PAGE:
Tips For A Tablet-Friendly Website

Are you tablet friendly?The definition of the word tablet has completely changed in just the past few years. Rather than the notepad I used to scribble grocery lists on, it now has taken a turn to the digital.

Tablet computers have reached critical mass. Some have gone as far as to declare a “Tablet Revolution.” The International Data Corporation predicts that by 2015 more U.S. web users will access the internet through mobile devices than by using personal computers. That’s big news for those of us on the internet. Is your site optimized for tablet viewing?

With the introduction of tablets comes a new way of browsing. These mouse-less, keyboard-less devices render many features of a normal website obsolete. Now, you must cater to the finger. It is important to create a touch screen-friendly layout to appeal to the growing poulation of tableteers, but that doesn’t necessarily mean you have to create a whole new website.  Here are a few tips to make your website more tablet-compliant:

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Size

As most tablet screens hover somewhere around the 8 to 10 inch range (with exception of Toshiba’s Excite 13 – whoa), there is certainly a considerable size difference between PCs and tablets. Tablets not only shrink everything on-screen, but they also limit what viewers can see when first signing on to a website. Website designers need to scale back designs in order to properly fit tablet screens without making users squint. This involves larger font, simpler style, and more information displayed at the top of the website to assure less scrolling and more convenience. It’s all about first impressions, so you want your tablet users to view your website at its maximum potential.

Buttons

Use bigger buttons for fingersNo more mouse means bigger buttons. Tablet users must use their fingers to click on links, so you must take this into account. Make important links easier to access by enlarging them. Also, make sure that links are spread far enough apart that someone’s finger won’t accidentally hit the wrong button. You don’t want your website to look ridiculous on a normal-sized screen either, so you have to find the right size to cater to both audiences.

Less is more

Forms, particularly for business sites, are one of the most important parts of a website. You want your leads to have easy access through tablets, so design your landing pages to be as simple as possible. Many tablet users are keen on convenience, so you don’t want to drive away traffic by having too many fields (especially when they will most likely be keyboard-less).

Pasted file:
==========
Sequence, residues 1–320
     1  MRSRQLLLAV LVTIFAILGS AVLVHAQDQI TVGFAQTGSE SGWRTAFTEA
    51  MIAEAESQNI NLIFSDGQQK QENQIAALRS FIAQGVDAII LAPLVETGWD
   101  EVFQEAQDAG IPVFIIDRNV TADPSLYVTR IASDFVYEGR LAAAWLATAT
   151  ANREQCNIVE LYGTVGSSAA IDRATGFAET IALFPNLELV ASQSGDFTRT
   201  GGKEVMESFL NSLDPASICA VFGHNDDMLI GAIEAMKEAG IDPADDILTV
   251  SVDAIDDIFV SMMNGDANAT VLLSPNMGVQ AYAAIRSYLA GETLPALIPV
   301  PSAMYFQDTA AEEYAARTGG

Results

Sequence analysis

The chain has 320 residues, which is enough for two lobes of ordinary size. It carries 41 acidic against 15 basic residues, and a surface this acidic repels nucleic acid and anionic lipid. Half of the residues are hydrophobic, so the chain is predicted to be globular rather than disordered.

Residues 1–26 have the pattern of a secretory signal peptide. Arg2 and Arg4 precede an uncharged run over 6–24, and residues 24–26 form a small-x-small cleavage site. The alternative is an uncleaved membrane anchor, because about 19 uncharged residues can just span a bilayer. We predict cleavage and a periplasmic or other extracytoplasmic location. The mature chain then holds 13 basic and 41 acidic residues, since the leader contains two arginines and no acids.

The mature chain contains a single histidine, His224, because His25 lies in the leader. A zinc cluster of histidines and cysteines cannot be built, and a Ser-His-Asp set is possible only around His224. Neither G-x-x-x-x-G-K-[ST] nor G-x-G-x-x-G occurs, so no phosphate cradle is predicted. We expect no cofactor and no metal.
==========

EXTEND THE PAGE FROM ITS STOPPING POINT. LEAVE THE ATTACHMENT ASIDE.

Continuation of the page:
From an aesthetic perspective, you don’t want to use flash. Technologies that require additional software or browser plug-ins usually don’t mesh well with tablets– the iPad iOS doesn’t even support flash and iPads make up a large chunk of the tablet world.

Direction

Tablets can usually be oriented in either a portrait or landscape position. This calls for further design consulting. Make sure your information and visuals won’t be distorted in either position. Ensure that the most important information is still visible in both directions, and make sure no errors occur when switching directions.

On the run.

Many users use tablets on the goTablets are mobile devices. This means that potential customers may want to use tablets to access your website on-the-go. Brainstorm ideas for mobile-related content that users may want to access such as links to directions, quick contact information, or business hours. This could help visitors find information more easily. Keep them happy!

Test it out.

Don’t skip this step! Have your peers test out your website on different brands of tablets to see if all your website’s features work properly. How does the design display on the screen? What about navigation? Make sure you can see all important information on the first page, or at least proper links to clearly labeled tabs. If you and your employees don’t own tablets, you can simulate the experience online. Be cautious though, nothing compares to the real, hands-on experience.

Keep in mind: change isn’t always a bad thing. This movement to a cleaner, more simple design could help you keep better track of your site. Do away with unnecessary content and make clearer the most important aspects of your website. This is basically a perfect excuse to revamp and improve your business’s online presence, so what are you waiting for?